The Muslims started invading India during the caliphate of Umar, but the simultaneous campaigns were not so successful until the reign of Walid bin Abdul Malik, the Umayyad caliph (Blazeri, 1958, vol. 2: 602-607). During the reign of Walid ibn Abdul Malik (86-96 AH), Hajjaj ibn Yusuf who was the ruler of Iraq, sent Muhammad ibn Qasim to India as an army commander. The Muslims conquered many cities up to the Kashmir border. (Ibn Athir, 2005, vol. 6: 2763-2765; Kufi, 2005: 241-242). Their purpose was apparently spreading Islam in India; but the real intention of the invaders was not based on Islamic teachings and the criteria of Jihad. The Holy Qur'an has ordered Jihad if the polytheists insist on inciting war, and has ordered Jihad to prevent oppression and defend the oppressed (Hajj, 39-40), and to administer justice (Women, 91, 75 and 29; Examiner, 8). The behavior of the Prophet (PBUH) has been based on these principles (Ibn Hisham, 2013, vol. 2, 188 and 205-207; Yaqubi, 2003, vol 1: 403). However, the Umayyad rulers pursued their own economic ambitions, and what they alleged reflected this fact. After conquering Sindh, Hajjaj expressed their joy at conquering India and gaining a lot of wealth there (Kofi, 2005: 91). After the conquest of Raur, "Hajjaj prostrated... and [said] I became the owner of all treasures and properties" (Kufi, 2005: 196-195). Muhammad ibn Qasim, in front of the Indian army, said to his own army: “We will seize their properties and their wives, and we will take a lot of booty” (Kufi, 2005: 175). Umayyad army massacred people for three days in Deybol; Then, they built a mosque there (Blazeri, 1958: 610; Ibn Athir, 2005, vol. 6: 2763). Hajjaj in a letter to Muhammad Qasim emphased to seize the treasures of Eror and Multan, and occupy India up to China; He writes: “... Kill anyone who disobeys Islam” (Kufi, 2005: 216-217). Junaid ibn Abd al-Rahman breach his promise and killed Jeyssieh, son of Daher, king of Sindh, who became a Muslim during the reign of Umar ibn Abd al-Aziz and he also deciet his brother and killed him. Thus, the misconduct of the Umayyad agents in India not only did not promote Islam there, but also led to a popular uprising against them and their expulsion from the occupied lands (Blazeri, 1958: 617-618; Ibn Athir, 2005, vol. 6: 2820-2821).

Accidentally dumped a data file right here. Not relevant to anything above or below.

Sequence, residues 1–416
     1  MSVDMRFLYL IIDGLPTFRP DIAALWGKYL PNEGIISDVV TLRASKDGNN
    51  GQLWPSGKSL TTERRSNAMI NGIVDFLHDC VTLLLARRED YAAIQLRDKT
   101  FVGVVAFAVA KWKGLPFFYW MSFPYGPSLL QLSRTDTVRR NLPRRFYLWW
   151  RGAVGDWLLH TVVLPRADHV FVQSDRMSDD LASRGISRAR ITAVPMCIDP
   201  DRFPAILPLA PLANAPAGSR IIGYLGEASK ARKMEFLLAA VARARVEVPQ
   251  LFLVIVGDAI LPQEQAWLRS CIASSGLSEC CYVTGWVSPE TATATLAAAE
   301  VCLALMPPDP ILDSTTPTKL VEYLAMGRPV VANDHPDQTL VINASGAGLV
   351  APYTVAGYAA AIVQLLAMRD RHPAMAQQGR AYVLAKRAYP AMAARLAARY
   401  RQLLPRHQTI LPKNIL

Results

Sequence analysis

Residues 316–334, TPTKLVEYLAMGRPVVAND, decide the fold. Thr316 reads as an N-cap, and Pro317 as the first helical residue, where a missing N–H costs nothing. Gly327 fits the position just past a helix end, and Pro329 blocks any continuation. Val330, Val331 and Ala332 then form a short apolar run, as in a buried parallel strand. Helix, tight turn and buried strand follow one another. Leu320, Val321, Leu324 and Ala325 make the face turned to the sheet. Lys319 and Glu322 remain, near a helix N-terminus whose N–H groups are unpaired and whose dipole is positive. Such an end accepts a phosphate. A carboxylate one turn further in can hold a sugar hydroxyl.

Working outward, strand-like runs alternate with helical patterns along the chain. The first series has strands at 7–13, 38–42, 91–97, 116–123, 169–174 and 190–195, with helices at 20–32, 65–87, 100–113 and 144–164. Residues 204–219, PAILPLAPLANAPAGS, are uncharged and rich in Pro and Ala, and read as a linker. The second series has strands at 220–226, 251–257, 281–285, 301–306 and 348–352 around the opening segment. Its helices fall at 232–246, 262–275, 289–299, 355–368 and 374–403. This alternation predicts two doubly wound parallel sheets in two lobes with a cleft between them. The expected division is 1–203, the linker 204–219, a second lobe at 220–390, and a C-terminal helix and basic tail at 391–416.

The Muslim expedition to India started in 15 AH during the caliphate of Umar ,and It continued in the period of the next caliphs and well-known Umayyad rulers such as Mu'awiyah, Walid bin Abdul Malik, Hajjaj bin Yusuf, Muhammad bin Qasim, Junaid bin Abdul Rahman and others. These campaigns were not successful because they were not in accordance with the tenets of Islam, and in many cases, the Qur'anic teachings and the thews of the Prophet (PBUH) about war and Jihad have been violated. In addition, secular motives and materialistic intentions have prevented them from promoting Islamic teachings and virtues. According to the Holy Qur'an, war and Jihad are legitimate when the unbelievers commit criminal actions and continue to commit aggression and war, in a way that endangers the dignity and security of Muslims; In this case, Jihad is ordered as a defensive action. In the Holy Qur'an, we do not find a single verse that commands to kill in order to make people believe in Islam.
The main motives of the Umayyad invaders to India were domination of ports and commercial centers, including the city of Dibol and domination of the Indian Ocean coast, and Asian trade routes, property, treasures, estates, and generally economical necessities. This fact is well reflected in the words and commands of the Muslim rulers in deciding and planning to invade that land. Although the Islamic governments had several campaigns to conquer India, but their actions were not based on true Islam, so that they did not have the desirable and permanent results. The military attack was effective only on removing political and military impediments and facilitating the emigration of Muslim missionaries; but the brutality and killing people in Indian cities, including Dibol and Brahmanabad, made people hate Muslims. As the people of the conquered areas revolted after Muhammad ibn Qasim and during the reign of rulers such as Junaid ibn Abd al-Rahman, Tamim ibn Zayd Atabi and Hakam ibn Awana Kalbi; and drove the Muslims out of the cities of India in such a way that the Muslim rulers had to build new cities and live in them in order to save their lives.